Who’s really paying more in taxes?

by Caleb Reading

I sometimes hear people citing statistics about how much the top 50% income earners pay in taxes, but the people who bash the poor this way never point out that they’re only talking about income taxes, (they never cherry-pick regressive forms of taxation), and they never compare it to the proportion of the money they take home. (How can the bottom 50% pay 50% of the income taxes as their “fair share” if they only get 13.2% of the adjusted gross income?)

According to Wall Street Journal 1/22/02, the 1999 tax info from the IRS released by the Congress’s Joint Economic Committee States the following:

By Adjusted Gross Income (AGI):

Top 1% earners by AGI paid 36.2% of income tax to the Feds.
Top 5% earners by AGI paid 55.5% of income tax to the Feds.
Top 10% earners by AGI paid 66.5% of income taxes.
Top 25% earners by AGI paid 83.5% of income taxes.
Top 50% earners by AGI paid 96.0% of income taxes.
Bottom 50% earners by AGI paid 4.0% of income taxes.

(this DOES NOT include payroll, sales tax, estate tax, excise taxes, etc.)
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There’s also this, more data from that WSJ article cited above:

The top 1% earn 19.5% of the AGI and pay 36.2% of the taxes
The top 5% earn 34.0% of the AGI and pay 55.5% of the taxes
The top 10% earn 44.9% of the AGI and pay 66.5% of the taxes
The top 25% earn 66.5% of the AGI and pay 83.5% of the taxes
The top 50% earn 86.8% of the AGI and pay 96.0% of the taxes
The bottom 50% earn 13.2% of the AGI and pay 4.0% of the taxes

So, yes, there is a disproportion there.

But wait, that figure above does not include payroll taxes. Here’s that statistic. Values are rounded to the nearest full percentage on this one.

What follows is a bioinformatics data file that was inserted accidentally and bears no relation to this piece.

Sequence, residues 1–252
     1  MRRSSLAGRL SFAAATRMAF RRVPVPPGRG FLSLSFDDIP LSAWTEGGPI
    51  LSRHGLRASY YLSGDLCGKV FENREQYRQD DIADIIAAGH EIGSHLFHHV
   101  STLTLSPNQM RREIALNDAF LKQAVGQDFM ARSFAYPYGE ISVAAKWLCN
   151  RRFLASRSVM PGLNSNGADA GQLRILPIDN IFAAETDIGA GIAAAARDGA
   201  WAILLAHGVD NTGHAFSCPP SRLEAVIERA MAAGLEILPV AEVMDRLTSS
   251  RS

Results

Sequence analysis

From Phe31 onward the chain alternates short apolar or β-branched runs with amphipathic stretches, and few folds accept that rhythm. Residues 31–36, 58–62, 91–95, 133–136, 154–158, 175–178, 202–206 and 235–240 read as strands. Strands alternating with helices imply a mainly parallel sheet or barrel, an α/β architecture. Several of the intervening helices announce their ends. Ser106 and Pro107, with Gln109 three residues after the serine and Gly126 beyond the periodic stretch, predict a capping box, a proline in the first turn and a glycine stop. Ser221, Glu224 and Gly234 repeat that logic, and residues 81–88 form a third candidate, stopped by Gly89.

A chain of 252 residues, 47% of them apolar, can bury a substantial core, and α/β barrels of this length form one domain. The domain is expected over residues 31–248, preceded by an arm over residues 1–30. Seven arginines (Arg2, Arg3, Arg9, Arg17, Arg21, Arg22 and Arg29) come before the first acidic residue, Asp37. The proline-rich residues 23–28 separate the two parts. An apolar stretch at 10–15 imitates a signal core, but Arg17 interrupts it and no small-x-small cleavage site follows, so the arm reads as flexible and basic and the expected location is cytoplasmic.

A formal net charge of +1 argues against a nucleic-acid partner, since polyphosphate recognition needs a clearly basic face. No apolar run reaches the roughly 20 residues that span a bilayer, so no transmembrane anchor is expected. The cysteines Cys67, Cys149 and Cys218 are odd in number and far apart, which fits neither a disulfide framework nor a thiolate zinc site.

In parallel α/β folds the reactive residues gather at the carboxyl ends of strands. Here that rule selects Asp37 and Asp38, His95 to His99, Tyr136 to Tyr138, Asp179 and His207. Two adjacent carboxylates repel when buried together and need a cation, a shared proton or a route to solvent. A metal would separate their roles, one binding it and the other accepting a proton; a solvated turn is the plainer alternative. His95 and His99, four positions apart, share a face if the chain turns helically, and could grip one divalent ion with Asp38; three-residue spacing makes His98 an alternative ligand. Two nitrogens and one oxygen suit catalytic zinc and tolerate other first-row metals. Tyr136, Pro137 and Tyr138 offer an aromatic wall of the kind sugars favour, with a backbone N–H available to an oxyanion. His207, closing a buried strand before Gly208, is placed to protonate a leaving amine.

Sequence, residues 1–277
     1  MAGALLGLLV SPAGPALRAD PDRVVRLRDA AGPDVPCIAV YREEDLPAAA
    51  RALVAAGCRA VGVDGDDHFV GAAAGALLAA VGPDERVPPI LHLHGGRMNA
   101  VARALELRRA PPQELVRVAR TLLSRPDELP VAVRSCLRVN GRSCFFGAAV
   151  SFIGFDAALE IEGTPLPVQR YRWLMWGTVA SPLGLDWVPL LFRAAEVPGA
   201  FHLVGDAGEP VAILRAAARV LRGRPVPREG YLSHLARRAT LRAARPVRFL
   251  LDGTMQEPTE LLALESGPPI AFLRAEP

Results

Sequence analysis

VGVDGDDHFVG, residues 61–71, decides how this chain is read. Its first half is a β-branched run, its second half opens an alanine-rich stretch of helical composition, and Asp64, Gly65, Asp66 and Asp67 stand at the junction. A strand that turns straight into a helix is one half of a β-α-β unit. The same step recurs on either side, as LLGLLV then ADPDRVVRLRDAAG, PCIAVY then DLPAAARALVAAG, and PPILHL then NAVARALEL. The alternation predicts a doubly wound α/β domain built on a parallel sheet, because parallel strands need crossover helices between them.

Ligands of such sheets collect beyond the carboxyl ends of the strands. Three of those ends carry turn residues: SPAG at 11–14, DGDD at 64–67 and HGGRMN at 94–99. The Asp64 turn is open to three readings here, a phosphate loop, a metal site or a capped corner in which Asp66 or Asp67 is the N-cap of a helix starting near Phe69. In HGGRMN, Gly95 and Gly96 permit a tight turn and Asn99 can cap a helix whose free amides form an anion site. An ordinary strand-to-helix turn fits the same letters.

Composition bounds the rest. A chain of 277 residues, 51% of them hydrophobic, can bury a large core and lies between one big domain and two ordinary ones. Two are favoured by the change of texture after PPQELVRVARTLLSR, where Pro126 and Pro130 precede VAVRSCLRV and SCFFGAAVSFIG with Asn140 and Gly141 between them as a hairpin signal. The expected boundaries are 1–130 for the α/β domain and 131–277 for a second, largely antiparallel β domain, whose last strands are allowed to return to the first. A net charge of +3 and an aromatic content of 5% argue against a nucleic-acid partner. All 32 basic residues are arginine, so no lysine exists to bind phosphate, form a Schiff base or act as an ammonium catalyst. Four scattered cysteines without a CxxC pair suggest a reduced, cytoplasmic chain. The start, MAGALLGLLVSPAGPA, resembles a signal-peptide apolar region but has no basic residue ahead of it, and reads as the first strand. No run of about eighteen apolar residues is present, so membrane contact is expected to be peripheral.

The top 1% made 19% of AGI and paid 9% of PT
The next 4% made 15% of AGI and paid 13% of PT
The next 5% made 11% of AGI and paid 11% of PT
The next 15% made 22% of AGI and paid 24% of PT
The next 25% made 20% of AGI and paid 25% of PT
and the bottom 50% made 13% of AGI and paid 18% of PT

Ain’t it just inconvenient when the disproportions go both ways and you have to actually look at both sides of the issue?

So, using the 60/40 breakdown in fed receipts between FIT and PT the combined totals would look like this:

The top 1% made 20% of AGI and paid 25% of these taxes
The next 4% made 15% of AGI and paid 17% of these taxes
The next 5% made 11% of AGI and paid 11% of these taxes
The next 15% made 22% of AGI and paid 20% of these taxes
The next 25% made 20% of AGI and paid 18% of these taxes
and the bottom 50% made 13% of AGI and paid 9% of these taxes

Funny how this disproportion drops when we don’t conveniently ignore payroll taxes. But there is still some disproportion. I wonder what would happen if we dropped those at or below the poverty line out of the statistic, since they can’t theoretically pay anything and therefore skew the numbers. Would the disproportion disappear?  Would the bottom 50% minus poverty liners be actually paying more than their share?  And what if we included sales taxes and fees (car tags, drivers’ licenses, etc), which are all regressive forms of taxation?  Then who’s paying a larger proportion?  I don’t know, to be honest, but it’s something to consider before we start claiming that the rich have got it oh so hard.

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